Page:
In Defense of Corporate America

My company had its annual Finance Conference this week (“All Your Budgets Are Belong To Us”), and while I found a lot of things there interesting, I have no intention of imposing 50-odd hours of concentrated audit and tax details on innocent bystanders , although you’re on notice, Chico  – if you don’t shape up and behave I will find a way to force you to listen to me explain the history and structure of Sarbanes-Oxley’s Section 404 reporting requirements.  


Anyway, during the sessions of taxes, a few points were revisited about corporate taxes.  And to put it bluntly, the folks who hate corporations and like to claim they don’t pay enough in taxes, well, they’re lying when they make claims like that.


The U.S. has one of the highest corporate tax rates in the world. Only Brazil, Uzbekistan, Chad and Argentina have higher corporate tax rates than the U.S.  According to a research study by the Cato Institute, the effective U.S. corporate tax on new investment was 34.6% in 2010. This was higher than the average OECD rate of 18.6% and the average rate for 83 countries at 17.7%.


So, if the corporate rate is 34.6%, what’s with the claims that companies don’t pay taxes, or at least don’t pay enough?  In some cases it’s deliberate lying, but in others it’s just an exaggeration based on a failure to understand how taxes work for corporations.   PriceWaterhouseCoopers prepared a study from 2006 through 2009  examining Global Effective Tax Rates, which provides some insights.  By the way, an ‘effective tax rate‘ is what a company really pays, not the rate assigned by a government.  The effective rate can be lower, or higher, than the official rate declared by the government.  The PWC study discovered that US-based companies operating globally pay more than eight percentage points more in ETR than companies operating globally with a headquarters outside the US.  Consequently, this demonstrates not only that corporations pay a higher effective tax rate than individuals in the United States, the rates charged by the U.S. government are among the highest in the world, and US-based companies are penalized for putting their head office here.  Certain individual companies fare better than others, but on the whole attacks against corporations as tax cheats are false and defamatory.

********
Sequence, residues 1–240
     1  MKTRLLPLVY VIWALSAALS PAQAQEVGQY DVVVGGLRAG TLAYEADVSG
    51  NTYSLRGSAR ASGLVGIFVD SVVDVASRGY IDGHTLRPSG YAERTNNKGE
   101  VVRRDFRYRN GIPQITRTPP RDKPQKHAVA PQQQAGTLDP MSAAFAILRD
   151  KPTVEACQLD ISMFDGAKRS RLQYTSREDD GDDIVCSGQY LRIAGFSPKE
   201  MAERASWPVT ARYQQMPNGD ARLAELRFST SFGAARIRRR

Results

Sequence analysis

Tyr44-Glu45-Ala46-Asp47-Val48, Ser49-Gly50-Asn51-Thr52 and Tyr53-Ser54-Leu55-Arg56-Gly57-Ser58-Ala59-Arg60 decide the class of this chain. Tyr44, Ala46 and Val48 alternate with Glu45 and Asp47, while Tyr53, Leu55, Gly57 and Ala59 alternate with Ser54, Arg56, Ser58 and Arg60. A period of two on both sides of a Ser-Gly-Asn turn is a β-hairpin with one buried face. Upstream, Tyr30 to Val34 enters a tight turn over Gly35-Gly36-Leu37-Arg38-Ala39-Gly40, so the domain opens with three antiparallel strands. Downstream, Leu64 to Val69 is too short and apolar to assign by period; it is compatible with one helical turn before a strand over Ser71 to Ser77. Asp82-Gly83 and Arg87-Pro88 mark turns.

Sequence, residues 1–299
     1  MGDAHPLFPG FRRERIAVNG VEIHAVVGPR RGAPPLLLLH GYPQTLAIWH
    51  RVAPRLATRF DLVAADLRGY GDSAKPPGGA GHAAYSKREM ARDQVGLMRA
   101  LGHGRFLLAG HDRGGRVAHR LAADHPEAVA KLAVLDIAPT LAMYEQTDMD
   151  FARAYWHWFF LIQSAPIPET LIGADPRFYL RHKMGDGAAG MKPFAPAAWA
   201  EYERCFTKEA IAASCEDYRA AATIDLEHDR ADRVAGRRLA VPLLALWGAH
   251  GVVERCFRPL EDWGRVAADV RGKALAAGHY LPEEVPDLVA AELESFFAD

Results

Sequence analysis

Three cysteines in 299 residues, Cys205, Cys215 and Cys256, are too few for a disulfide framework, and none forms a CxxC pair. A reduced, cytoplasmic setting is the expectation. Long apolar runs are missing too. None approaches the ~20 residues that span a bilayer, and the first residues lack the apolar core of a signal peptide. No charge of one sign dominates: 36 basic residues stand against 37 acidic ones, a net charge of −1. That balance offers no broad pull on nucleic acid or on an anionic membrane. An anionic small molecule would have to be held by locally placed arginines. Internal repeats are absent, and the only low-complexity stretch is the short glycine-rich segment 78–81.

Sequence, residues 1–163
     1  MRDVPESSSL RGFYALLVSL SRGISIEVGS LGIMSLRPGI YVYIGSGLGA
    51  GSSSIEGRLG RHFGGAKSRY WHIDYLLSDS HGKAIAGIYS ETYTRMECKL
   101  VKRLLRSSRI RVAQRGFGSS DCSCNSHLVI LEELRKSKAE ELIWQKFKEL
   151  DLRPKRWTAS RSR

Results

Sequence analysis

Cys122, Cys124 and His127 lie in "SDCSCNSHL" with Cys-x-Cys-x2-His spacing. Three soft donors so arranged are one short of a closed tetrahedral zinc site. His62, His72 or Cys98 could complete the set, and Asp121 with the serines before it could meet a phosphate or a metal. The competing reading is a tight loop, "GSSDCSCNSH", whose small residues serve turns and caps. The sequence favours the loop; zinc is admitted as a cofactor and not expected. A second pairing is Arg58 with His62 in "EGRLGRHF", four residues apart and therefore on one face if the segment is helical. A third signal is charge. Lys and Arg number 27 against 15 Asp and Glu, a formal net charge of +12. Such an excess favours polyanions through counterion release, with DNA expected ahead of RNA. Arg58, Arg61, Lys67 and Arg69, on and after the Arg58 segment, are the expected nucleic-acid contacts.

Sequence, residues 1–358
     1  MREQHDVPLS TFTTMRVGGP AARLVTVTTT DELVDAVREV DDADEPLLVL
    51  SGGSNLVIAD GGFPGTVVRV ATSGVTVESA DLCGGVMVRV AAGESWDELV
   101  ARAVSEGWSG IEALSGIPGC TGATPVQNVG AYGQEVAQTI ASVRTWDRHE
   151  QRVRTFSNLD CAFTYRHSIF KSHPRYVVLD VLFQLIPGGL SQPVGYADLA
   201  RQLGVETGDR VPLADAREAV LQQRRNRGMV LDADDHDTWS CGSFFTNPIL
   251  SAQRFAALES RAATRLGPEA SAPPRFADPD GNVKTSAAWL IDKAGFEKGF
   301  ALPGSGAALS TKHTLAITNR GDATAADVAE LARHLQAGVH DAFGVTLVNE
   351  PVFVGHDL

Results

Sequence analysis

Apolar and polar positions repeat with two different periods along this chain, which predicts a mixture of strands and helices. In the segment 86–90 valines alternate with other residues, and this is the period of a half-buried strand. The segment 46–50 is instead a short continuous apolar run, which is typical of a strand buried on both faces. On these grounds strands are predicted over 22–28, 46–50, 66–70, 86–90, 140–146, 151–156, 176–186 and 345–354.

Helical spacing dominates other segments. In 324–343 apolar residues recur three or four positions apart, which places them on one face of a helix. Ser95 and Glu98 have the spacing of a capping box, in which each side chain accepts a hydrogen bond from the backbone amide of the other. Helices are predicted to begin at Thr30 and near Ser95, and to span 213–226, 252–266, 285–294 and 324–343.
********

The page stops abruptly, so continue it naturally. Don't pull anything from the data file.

There are a number of significant differences between corporations and individuals, including the bull’s eye on the bank of corporate leaders.  What I mean is, corporations don’t vote but people do, so a lot of politicians, pretty much everywhere, try to promise low taxes to people but increase taxes on corporations, especially if those businesses can be smeared as economic villains.  In reality, however, corporations represent jobs, economic growth and stability, and when government goes after corporations, then government is attacking jobs and GDP.   


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